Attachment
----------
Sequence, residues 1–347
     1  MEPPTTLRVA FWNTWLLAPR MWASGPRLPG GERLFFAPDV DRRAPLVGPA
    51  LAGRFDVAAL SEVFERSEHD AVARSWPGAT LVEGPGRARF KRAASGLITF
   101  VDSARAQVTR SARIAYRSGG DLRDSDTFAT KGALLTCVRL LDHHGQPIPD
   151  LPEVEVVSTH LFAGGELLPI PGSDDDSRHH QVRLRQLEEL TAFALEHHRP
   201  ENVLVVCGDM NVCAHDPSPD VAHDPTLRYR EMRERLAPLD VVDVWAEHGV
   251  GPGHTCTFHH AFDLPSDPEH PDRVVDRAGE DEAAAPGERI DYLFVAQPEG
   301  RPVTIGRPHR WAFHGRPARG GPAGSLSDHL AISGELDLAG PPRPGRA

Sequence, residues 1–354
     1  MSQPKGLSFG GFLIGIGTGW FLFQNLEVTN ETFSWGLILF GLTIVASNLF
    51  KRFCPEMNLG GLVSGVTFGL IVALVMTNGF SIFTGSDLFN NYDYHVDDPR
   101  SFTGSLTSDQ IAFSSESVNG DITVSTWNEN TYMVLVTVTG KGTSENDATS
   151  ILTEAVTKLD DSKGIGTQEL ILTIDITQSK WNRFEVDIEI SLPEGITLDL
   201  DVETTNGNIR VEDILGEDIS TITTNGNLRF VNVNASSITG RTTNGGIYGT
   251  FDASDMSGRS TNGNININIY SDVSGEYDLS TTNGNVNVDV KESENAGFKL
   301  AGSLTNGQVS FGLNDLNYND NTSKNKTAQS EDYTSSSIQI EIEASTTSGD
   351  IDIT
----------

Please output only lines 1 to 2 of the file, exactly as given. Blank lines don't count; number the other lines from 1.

Sequence, residues 1–347
     1  MEPPTTLRVA FWNTWLLAPR MWASGPRLPG GERLFFAPDV DRRAPLVGPA